Greenpoint Gazette

Pulling the Pulaski in a New Direction

BY Jeffrey Harmatz

Group Meets to Plan the Future of Burden-Bearing Bridge

What would you like to see done with the Pulaski Bridge crossing at Newtown Creek? That was the question posed to community activists by the Pulaski Bridge Coalition at their inaugural meeting. Held last Tuesday at the Smolenski Democratic Club, the organization was created to address the growing, or rather shrinking problem of the shared pedestrian and bicycle pathway on the Western side of the drawbridge that connects Greenpoint with Long Island City.
The coalition has been working on expanding the bicycle and pedestrian walkways on the Pulaski Bridge for more than a year, although the same problems have plagued Brooklyn and Queens commuters for nearly two decades. As both neighborhoods continue to expand residentially, the number of pedestrians, cyclists, and drivers continues to grow, although the Pulaski Bridge Coalition was quick to point out that industrial shipping has been vastly reduced during the same time period.
The neighbors attending the meeting were clear on their agreement that conditions on the bridge are more crowded than ever before, and that the situation, if not addressed, would only get worse. “We are here to focus on a message that says, ‘there is not enough spalce on the Pulaski Bridge,’” said Tockman.
Though the coalition is initially intent on improving conditions for bicyclists and pedestrians, which can currently be described as a four foot shared pathway that has led to dangerous conditions, Gates was quick to point out that the group was not eager to limit bridge access to automobiles. “We want to keep an eye on what makes the bridge functional as it is, and preserve those things about it,” he said. “And though we want to keep it functional for the working communities of our neighborhood, we think that a reduction from six to four driving lanes can be done without much problem.”
While the Pulaski Bridge Coalition’s initial meeting focused on the idea of reducing traffic lanes and creating separate lanes for cyclists and pedestrians, the organizers were receptive to all points of view. More than a few attendees spoke up for the rights of businesses who use the bridge to ship materials in and out of western Brooklyn and Queens, and the ice-breaking question asked of everyone at the beginning of the meeting, “How do you envision improving the Pulaski Bridge?” led to more than one person hoping that officials finally complete the bridge’s onramp to the Long Island Expressway.
But the vast majority of people who came out to share their opinions on the Pulaski Bridge were interested in expanding options for cyclists and pedestrians. As explained by Gates, “We are here to deal with the problem of not enough space for commuters on the bridge.”
A majority of those in attendance expressed a desire to see separate pathways for pedestrians and cyclists, either through the conversion of traffic lanes into bike paths or the creation of a long discussed new pedestrian only bridge. Tockman laid out one of the groups goals, which is “separating different routes and creating safer, more accessible space for all users.”
The Coalition for the Pulaski Bridge, (which is not the final name for the group,) is led by Tockman, Julie Lawrence, and Moses Gates. At their first public meeting, they gathered concerned neighbors and activists together to brainstorm ideas for both needed improvements to improve the bridge and ways to make the needed changes happen. The coalition leaders took inspiration from a group of neighbors in Downtown Manhattan who were successfully able to turn parts of Allen and Pike Streets into a greenway through years of planning and working with city officials. Though the effort was sustained for nearly a decade before their plan was carried out, the Pulaski Bridge Coalition found hope for major change for the bridge in the implementation of the Manhatan group’s plan. They have also been inspired by recent changes to the Burrard Bridge in Vancouver, Canada, which created protected cycling and pedestrian paths on a similarly sized bridge for $1.4 million.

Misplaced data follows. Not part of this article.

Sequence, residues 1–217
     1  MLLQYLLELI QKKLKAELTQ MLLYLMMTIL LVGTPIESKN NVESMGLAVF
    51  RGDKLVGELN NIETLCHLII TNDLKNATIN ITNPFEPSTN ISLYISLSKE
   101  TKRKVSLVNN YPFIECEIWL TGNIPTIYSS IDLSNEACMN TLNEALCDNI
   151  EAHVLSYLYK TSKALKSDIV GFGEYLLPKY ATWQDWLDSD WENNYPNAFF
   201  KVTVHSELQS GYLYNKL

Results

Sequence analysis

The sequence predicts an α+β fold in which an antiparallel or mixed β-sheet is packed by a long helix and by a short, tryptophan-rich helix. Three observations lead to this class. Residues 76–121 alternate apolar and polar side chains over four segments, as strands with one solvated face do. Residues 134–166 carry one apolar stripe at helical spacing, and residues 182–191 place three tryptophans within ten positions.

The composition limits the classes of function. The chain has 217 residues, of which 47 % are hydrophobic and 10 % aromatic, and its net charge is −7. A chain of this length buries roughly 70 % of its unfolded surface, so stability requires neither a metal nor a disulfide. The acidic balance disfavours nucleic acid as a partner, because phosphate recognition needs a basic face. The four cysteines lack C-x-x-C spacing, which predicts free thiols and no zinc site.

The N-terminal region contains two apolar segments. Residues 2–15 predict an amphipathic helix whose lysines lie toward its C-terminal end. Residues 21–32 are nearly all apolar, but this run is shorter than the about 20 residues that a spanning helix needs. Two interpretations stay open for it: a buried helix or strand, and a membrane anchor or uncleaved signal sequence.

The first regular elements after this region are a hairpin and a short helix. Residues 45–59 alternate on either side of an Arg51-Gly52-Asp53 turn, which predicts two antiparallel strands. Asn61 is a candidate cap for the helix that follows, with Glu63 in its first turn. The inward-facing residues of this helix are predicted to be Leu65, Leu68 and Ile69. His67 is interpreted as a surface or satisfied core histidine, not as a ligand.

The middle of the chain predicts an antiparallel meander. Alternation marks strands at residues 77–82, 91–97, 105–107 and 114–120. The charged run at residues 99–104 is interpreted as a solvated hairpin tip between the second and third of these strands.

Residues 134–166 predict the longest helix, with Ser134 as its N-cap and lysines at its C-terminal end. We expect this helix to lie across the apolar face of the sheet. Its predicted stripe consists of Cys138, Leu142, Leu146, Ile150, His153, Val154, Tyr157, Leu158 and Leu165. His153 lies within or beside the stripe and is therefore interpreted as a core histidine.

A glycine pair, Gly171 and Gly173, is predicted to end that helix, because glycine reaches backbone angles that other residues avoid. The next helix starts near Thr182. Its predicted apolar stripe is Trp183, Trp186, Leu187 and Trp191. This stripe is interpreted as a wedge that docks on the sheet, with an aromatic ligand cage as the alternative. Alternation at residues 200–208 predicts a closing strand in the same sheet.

Among the long term objectives discussed at the meeting were the creation of entirely new pedestrian only bridge crossing the Newtown Creek at a nearby location and the complete retrofitting of the existing bridge with dedicated bike lanes. To accomplish these goals, the Pulaski Bridge Coalition and their allies at the Brooklyn Greenway Initiative, Transportation Alternatives, and Neighbors Allied for Good Growth, have already begun to work with community boards on both sides of the bridge. Though Tockman said that it is too early to begin a letter writing campaign to elected officials and City agencies, she stressed the importance of organizing with one voice rather than individually bombarding the Department of Transportation with a litany of complaints.
Though many of their goals are long-term, the first meeting of the Pulaski Bridge Coalition decided on a few immediate steps that can be taken to improve the bridge. Though there was no consensus on the type of signage needed along the existing pathway, the group did agree to continue to raise awareness about the growing space problem on the bridge, through both word of mouth and a variety of upcoming events, including an in-planning artwalk.
The group also expressed an interest in holding a charette for the bridge, in which members of the affected Brooklyn and Queens communities would be invited to come together and create their own plans for the bridge, which would then be combined into a preliminary plan to take to the city. The group discussed inviting graduate students who are studying city planning to work on a redesign as well.
“We’re here to say that we want a real solution to the problems facing the Pulaski Bridge,” said Gates.

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